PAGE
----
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Community Cats

When Cat Guardians was founded in 1988, very little was being done to help “community cats”, the stray, feral and free-roaming cats who lived outdoors. Often these cats were viewed as a nuisance to be eliminated, rather than as valued members of the local community. In a time of very few options for these kitties, Kathy Blackwell opened Cat Guardians to help community cats find loving homes and safety from the streets.

Fast forward to today, and the landscape is changing for community cats thanks to a concept called Trap-Neuter-Return (TNR). According to Alley Cat Allies:

Scientific studies show that TNR effectively addresses the community cat population by ending the breeding cycle, meaning no new kittens are born to a community cat colony. As sound public policy, TNR addresses community concerns, reduces shelter intake and killing, and reduces calls to animal services, all of which save cats’ lives and taxpayer dollars.

When cats are free from the burdens of mating and reproducing, their relationships improve with the people who live near them (think: no more kittens outdoors or yowling, roaming, fighting, or spraying). Additionally, many diseases associated with reproduction, like certain cancers, are prevented.

Cat Guardians was an early supporter of TNR and advocated for changes to local laws that opened the door for TNR in DuPage county. With local TNR programs in place, the landscape is truly improving for community cats! But there is still more that we can do to help!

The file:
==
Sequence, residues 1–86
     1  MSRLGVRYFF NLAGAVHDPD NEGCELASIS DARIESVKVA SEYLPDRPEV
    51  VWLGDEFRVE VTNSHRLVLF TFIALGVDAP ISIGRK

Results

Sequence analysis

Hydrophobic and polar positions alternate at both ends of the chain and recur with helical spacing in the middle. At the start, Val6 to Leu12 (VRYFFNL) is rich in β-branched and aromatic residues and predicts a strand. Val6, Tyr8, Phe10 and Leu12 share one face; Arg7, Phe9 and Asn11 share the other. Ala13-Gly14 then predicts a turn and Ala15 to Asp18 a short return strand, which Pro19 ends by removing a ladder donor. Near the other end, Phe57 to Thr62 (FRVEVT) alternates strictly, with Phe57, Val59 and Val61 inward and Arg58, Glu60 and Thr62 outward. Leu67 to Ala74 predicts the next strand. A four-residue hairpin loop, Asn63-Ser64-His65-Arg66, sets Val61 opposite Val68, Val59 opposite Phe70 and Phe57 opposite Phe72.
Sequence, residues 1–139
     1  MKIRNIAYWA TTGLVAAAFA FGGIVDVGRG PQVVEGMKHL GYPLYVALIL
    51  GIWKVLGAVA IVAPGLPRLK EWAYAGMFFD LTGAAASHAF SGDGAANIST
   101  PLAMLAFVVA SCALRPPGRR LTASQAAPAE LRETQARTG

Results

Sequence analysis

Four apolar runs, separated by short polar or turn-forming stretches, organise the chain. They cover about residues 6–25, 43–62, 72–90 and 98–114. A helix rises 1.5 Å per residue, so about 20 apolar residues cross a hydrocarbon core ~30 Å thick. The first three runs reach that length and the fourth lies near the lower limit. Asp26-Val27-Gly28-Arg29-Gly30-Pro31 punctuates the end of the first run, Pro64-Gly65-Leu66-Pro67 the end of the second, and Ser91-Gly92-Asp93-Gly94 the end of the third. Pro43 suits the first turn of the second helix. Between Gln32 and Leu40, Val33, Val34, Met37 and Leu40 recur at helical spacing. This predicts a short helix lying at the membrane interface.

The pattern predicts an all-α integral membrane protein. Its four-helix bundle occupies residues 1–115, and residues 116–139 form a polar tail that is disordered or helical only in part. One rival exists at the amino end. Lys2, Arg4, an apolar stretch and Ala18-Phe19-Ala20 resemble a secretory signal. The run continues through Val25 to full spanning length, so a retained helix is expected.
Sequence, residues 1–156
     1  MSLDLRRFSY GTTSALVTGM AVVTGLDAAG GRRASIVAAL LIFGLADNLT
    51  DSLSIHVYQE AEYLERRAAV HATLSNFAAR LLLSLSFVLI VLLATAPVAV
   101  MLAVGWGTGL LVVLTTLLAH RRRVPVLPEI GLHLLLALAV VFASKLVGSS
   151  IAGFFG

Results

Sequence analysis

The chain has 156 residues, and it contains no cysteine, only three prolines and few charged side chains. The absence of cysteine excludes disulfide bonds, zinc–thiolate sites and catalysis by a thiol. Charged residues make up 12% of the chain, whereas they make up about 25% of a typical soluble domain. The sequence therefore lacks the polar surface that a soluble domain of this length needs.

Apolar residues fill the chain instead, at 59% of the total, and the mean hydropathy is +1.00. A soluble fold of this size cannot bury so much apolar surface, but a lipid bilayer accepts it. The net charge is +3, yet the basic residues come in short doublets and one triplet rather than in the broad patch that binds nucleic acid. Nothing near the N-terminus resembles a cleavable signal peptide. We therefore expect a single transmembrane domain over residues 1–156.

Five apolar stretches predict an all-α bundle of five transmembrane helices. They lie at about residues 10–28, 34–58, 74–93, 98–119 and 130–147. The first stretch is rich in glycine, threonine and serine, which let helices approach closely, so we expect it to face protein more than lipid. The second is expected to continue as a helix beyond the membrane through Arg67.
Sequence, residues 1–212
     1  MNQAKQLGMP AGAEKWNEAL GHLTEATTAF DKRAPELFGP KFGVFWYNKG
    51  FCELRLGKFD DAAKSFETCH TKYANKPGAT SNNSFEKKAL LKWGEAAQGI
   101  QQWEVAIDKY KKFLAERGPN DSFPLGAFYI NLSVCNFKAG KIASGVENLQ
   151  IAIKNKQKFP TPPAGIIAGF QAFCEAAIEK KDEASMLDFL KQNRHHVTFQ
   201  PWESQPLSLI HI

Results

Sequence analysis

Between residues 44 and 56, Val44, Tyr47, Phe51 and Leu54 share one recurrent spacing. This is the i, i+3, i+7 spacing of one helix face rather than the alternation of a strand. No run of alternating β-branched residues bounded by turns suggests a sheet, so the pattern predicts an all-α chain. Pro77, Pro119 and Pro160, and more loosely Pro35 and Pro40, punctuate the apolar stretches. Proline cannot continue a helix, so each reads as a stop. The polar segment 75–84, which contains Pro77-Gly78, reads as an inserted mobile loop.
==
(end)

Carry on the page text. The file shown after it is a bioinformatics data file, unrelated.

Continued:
How to help a “stray” cat

If you find a cat outdoors, it’s not always best for the cat to bring it to a shelter. In fact, the best option for that cat may be to leave them where they are. It all depends on the cat. Here are some reliable sources of information to help you assess the situation (including specific guidance on what to do if you find kittens):

Local TNR Organizations

If you do find a community cat without an eartip, the following local organizations may be able to help through their Trap-Neuter-Release programs. Please note, Cat Guardians is in no way affiliated with any of the following organizations, so you will need to contact them directly for information on their programs and their policies.

Maywood — 708-829-6013

Feral Feline Project
Wheeling — 847-800-0095

Downers Grove — 630-375-7017

Triple R Pets
Western Springs — Phone 708-738-1438

Fixin’ Feral Felines
DeKalb — 815-751-8227

Feral Fixers
Lombard — 630-881-3977

Spay and Stay
Grayslake — 847-289-4557

Feral Cat Spay/Neuter Clinics

Treehouse Feral Friends Program
Chicago — 773-784-5488 ext. 234

PAWS Chicago
Chicago — 773-521-7729

Anti-Cruelty Society
Chicago — 312-644-8338

Chicago Animal Care and Control
Chicago — 773-747-1406

Animal Welfare League
Chicago Ridge — 708-636-8586

Anderson Animal Shelter
South Elgin — 847-697-2880 EXT 28

Animal Care League
Oak Park — 708-848-8155

P.A.W.S. (People’s Animal Welfare Society)
Tinley Park — 815-464-7298

South Suburban Humane Society
Chicago Heights — 708-755-7387

River Wood Pet Clinic
Lincolnshire – 847-634-0022

Lake County Animal Control
Mundelein — 847-377-8029

NAWS (National Animal Welfare Society)
Mokena — (708) 478-5102